Imagine what you would have to do if you studied a course as a student, did poorly and then needed to retake the course. Compare this to what Mattson described. One method seems more effective than the other. Maybe some students cannot learn effectively the first time through a course. See that point? Why should students be intentionally discouraged from studying a course BEFORE actually enrolling in it?
  12. Mar 9, 2009 #11
    I try to play with the most important definitions and theorems from a course before the beginning of the semester. This way I can pay attention to details while others are struggling to grasp the concepts, and I have a framework in which I can sort all the stuff I learn into. When I don't have time to prepare for the entire semester in advance, just working one or two classes ahead works as well.

    I don't like reading the entire text ahead of time though. I would know enough to get bored in class and lose focus, but not quite enough to get through the course without paying attention.

    But I would definitely second Tom's suggestion to work ahead! Just find a way that works for you.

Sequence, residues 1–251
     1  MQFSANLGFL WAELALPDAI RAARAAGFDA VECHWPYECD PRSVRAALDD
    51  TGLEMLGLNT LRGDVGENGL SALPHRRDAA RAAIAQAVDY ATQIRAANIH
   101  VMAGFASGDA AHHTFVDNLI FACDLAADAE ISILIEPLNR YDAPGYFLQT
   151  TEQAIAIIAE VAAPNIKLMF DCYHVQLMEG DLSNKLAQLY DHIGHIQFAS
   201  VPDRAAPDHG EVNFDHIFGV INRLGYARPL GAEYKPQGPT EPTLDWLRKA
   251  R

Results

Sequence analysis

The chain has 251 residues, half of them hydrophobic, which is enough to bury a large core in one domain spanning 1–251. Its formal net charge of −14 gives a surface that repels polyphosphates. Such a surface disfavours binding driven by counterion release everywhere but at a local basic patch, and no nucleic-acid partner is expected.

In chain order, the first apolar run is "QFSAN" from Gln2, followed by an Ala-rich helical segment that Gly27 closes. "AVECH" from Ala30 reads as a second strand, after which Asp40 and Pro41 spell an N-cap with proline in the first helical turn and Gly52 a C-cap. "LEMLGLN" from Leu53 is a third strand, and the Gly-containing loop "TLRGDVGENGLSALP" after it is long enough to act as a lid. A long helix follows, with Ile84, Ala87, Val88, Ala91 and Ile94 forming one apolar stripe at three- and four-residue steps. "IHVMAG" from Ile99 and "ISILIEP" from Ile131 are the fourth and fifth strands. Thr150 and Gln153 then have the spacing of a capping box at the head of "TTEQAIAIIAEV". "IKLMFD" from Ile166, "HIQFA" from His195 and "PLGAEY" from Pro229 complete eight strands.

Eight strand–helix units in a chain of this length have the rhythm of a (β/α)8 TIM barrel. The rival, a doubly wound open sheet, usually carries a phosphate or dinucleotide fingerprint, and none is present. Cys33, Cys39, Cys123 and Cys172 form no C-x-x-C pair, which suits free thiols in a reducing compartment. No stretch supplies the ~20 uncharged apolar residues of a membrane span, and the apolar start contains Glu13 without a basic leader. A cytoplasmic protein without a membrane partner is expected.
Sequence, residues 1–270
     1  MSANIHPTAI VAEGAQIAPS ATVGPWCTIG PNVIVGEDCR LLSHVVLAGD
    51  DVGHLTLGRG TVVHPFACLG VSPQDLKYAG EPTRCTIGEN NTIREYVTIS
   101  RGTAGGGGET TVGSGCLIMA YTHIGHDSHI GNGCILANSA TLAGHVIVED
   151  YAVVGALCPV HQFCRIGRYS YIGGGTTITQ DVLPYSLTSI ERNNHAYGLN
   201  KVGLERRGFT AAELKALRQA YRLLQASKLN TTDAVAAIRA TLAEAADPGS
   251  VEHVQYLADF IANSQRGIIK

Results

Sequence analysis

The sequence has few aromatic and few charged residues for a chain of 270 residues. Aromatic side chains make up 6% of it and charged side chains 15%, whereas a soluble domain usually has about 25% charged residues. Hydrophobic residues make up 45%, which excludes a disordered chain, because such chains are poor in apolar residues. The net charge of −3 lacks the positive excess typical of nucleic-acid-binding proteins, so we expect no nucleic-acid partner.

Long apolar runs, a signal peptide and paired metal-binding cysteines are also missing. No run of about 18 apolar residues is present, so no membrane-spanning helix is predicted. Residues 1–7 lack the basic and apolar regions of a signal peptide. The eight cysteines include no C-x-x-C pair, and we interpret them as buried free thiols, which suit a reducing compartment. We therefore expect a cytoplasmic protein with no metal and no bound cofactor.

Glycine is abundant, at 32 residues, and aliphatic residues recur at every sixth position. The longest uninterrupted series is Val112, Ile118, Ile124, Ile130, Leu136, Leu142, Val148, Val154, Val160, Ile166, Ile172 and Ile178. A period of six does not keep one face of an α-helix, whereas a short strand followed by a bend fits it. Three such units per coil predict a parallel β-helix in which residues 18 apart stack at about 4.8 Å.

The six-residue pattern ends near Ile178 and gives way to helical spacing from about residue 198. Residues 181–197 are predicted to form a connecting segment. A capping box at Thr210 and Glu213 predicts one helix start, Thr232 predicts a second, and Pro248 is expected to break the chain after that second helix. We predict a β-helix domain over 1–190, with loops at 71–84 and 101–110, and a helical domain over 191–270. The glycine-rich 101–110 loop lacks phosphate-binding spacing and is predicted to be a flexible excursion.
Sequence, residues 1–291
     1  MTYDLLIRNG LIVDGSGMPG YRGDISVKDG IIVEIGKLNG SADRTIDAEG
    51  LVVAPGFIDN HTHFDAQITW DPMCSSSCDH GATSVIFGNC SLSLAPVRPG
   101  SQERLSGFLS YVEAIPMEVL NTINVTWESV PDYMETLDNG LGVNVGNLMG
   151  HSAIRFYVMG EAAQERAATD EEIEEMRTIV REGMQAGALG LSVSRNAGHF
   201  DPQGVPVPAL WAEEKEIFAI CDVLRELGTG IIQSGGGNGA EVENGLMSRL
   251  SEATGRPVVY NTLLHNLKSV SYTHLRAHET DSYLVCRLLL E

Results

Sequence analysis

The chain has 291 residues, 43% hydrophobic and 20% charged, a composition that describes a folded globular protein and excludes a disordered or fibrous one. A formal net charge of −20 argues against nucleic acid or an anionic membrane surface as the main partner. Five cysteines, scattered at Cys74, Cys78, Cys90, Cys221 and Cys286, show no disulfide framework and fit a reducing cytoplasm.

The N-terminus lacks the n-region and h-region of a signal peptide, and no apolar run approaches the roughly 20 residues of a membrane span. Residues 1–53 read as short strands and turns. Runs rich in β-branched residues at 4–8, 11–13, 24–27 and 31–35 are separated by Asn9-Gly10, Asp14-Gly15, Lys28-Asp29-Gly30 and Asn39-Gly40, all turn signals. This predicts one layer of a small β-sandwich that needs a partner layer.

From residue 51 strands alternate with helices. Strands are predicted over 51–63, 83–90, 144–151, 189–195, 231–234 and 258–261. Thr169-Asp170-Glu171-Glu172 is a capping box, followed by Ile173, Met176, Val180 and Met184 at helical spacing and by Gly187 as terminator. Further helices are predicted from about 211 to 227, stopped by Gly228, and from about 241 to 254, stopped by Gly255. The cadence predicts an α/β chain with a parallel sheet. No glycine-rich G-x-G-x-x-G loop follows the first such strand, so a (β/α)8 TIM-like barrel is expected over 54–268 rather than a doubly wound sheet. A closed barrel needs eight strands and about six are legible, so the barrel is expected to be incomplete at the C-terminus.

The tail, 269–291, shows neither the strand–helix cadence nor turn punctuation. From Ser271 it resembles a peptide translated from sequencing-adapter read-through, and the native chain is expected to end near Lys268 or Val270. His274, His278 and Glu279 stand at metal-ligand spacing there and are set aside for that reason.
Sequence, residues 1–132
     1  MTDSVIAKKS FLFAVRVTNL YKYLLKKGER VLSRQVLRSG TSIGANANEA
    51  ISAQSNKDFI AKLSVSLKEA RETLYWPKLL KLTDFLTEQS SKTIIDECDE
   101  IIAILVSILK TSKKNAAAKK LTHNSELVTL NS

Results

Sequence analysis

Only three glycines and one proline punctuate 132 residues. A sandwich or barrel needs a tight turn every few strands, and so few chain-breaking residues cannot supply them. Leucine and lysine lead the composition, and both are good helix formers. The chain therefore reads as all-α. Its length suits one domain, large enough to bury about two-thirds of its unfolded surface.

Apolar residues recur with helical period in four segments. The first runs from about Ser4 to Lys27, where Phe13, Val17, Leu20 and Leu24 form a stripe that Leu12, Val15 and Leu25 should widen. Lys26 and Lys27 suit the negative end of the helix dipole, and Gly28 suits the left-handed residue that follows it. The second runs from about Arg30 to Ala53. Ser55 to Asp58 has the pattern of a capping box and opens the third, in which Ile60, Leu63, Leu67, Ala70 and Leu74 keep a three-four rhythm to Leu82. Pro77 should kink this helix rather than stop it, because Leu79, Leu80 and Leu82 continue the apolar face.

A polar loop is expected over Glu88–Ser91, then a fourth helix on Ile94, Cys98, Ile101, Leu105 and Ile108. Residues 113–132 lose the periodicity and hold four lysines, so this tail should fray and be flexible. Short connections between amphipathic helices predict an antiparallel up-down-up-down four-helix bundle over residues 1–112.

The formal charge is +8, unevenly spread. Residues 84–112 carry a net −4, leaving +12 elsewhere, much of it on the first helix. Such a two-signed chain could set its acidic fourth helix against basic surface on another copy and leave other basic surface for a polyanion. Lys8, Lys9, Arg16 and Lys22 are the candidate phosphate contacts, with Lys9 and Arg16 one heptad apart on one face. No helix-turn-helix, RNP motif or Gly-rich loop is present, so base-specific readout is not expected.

13. Mar 9, 2009 #12
    Again, I thank you ALL for responding to my questions! All of your replies are fantastic, and I'm certainly encouraged to challenge myself to take more pure math courses!

    Ross is amazing! In fact I feel like this is where I should start before I even read Rudin again. My elementary analysis course didn't do all the chapters (we skipped chapters on topology as well as entire sections on differentiation and integration, as it was only a 10-week course), so it might be helpful for me to read Ross, have a complete understanding of Ross, and then hit Rudin. I still own both Ross and Rudin, so only thing I need is some time to crack those texts.

    I think Ch. 2 of Rudin (topology) threw me off the most. I did my best to understand basic set theory and metric spaces, but once I got to the definition of compact sets and a few associated theorem, my brain had a really hard time understanding them. The exercises from Ch. 2 were pretty challenging for me as well.
  14. Mar 9, 2009 #13
    Very interesting point. So far I've never done this before, so I don't know how this would work out (it might turn out I'm not very good at self-studying), but this certainly sounds like I should try out, as reading a math textbook seems like something I need to practice more often.
  15. Mar 10, 2009 #14
    I have found myself in a similar situation to yours. Pure math is extremely difficult and often not motivated that well. I do not know how anyone can succeed in an analysis course while doing full time study. To me, it required a lot of time outside class. I had to play with the theorems and assumptions until they made sense... something I would not have time for in school. The reading of the textbook alone took more than most other courses, and to do problems was even harder.

    I found doing a lot of extra exercises helps the concepts sink in and reinforces the definitions and makes you appretiate the theorems.